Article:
Part 2: More Homes for Sellindge?

In our last post about more homes for Sellindge, we made it clear that Quinn Homes are proposing to build 105 homes at Elm Tree Farm in Sellindge. The land is currently owned by Alan Downs, whose family sold land in the village previously to allow Downs Way to be built out.

We make it clear Quinn Homes have not submitted a planning application yet.

Below is a proposed masterplan for the site; which will form part of any submitted planning application in the future.

On Tuesday 18 July, between 3pm & 7pm a consultation was held a Sellindge Village Hall, this was to allow residents to comment on the proposals, and for Quinn Homes to take heed of any matters arising from the consultation. 

Now for those of you who are not aware, the site is NOT in the local plan. Nor does it fall within Policy ND5; which is the General Sellindge Policy.

So how then can such a proposal come forward? Well that is quite simple to answer. 

As you may know, the development at Princes Parade has been stopped and the gordian knot, is slowly being unraveled. This means 150 homes have been eliminated from the local plan, and a Quinn Homes spokesperson has said.

“Our proposal will help meet the village’s housing need… without exceeding the numbers envisaged in the Council’s Local Plan.”

The spokesperson at the Consultation went onto say:

“This scheme has been conceived over the last 5 years to meet Local Plan aspirations for Sellindge with high quality family homes of exceptional EPC-A rating , as well as self build plots enabling people to build their own Grand Design.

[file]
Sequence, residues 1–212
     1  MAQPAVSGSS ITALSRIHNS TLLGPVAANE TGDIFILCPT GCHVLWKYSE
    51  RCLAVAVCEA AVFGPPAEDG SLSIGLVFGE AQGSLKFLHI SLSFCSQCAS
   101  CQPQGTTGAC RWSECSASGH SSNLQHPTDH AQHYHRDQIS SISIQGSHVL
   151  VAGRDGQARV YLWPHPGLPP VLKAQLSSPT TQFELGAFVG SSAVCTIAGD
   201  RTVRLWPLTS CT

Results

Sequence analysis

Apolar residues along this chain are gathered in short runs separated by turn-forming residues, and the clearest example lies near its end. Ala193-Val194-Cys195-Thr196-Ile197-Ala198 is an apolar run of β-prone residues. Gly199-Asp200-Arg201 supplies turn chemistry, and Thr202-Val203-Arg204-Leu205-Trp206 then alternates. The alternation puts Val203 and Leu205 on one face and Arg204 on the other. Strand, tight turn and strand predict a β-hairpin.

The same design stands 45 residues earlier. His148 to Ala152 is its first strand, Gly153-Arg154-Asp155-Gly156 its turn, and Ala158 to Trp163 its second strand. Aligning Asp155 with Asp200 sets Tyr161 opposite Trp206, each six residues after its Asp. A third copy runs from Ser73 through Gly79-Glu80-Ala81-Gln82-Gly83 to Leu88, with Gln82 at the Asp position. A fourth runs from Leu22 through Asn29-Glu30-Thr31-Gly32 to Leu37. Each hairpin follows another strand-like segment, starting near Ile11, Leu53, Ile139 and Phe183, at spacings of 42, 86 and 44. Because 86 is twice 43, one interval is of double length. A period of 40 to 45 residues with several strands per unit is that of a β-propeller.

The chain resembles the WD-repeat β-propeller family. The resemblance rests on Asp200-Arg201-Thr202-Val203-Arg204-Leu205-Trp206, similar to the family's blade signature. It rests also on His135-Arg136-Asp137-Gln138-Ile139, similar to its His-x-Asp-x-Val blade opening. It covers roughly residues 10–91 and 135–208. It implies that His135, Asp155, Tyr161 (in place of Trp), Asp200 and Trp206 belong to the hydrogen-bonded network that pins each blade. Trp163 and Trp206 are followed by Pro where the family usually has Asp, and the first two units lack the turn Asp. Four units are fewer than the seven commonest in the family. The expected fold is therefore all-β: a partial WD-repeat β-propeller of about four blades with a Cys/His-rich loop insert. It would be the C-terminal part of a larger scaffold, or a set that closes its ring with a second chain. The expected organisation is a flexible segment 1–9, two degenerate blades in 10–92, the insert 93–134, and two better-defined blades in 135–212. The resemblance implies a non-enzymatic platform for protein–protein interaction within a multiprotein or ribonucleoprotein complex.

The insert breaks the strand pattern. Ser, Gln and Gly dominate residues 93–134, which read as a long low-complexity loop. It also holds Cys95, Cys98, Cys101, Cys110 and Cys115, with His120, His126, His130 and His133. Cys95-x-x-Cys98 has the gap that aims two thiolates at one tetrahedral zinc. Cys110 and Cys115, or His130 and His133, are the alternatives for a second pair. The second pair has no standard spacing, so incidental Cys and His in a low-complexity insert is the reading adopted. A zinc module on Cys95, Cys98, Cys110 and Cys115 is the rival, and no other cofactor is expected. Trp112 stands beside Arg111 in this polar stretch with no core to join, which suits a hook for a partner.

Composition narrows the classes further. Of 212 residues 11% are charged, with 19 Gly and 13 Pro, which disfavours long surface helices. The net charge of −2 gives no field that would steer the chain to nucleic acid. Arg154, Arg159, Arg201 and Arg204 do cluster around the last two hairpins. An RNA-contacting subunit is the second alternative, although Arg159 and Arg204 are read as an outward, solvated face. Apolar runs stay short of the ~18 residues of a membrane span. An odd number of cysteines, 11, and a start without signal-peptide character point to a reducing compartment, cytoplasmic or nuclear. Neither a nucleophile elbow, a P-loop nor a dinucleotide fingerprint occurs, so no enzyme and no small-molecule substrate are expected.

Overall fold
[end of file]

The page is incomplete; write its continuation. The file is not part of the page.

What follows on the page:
The proposed scheme is the first major development in Kent that is offering an EPC – A rating for all proposed houses on the site, including the 22% “affordable homes”, the GP Surgery and the new village shop. Taylor Wimpey who’ve built 250 homes in Sellindge are EPC – B rating,

The proposed development will use a Fabric First approach which makes them cheaper to keep warm, as well as protecting the building fabric and reducing the need for maintenance. All 105 homes, including the 22% affordable, will come with Solar panels fitted, and will be heated by air source heat pumps. This results in lower energy bills and carbon emissions. Such a move by Quinn Homes means the proposed development will accord with the Council’s desire for developers and businesses to lower their emissions.   

“By working with the local GP, we will deliver a new state-of-the art medical facility significantly larger than the current one to increase the range, quality and quantity of primary care services available to the village and surrounding area.

We know the lease on the current surgery is due to lapse in three years time, and given the Village has grown, a larger, more modern surgery, will be a necessity. 

“Other community benefits include a new, larger and more accessible convenience store to provide for villagers’ day-to-day needs, as well as a new dental practice run by an experienced operator already providing dental services in the district.   It will also provide the local primary school with further expansion land.

We suspect the dental practice will be Pennypot dental practice as they have worked with Quinn Homes previously

Finally, half of the entire site will be dedicated as parkland and amenity land and will provide better connectivity to the village as a whole, according to the masterplan design above.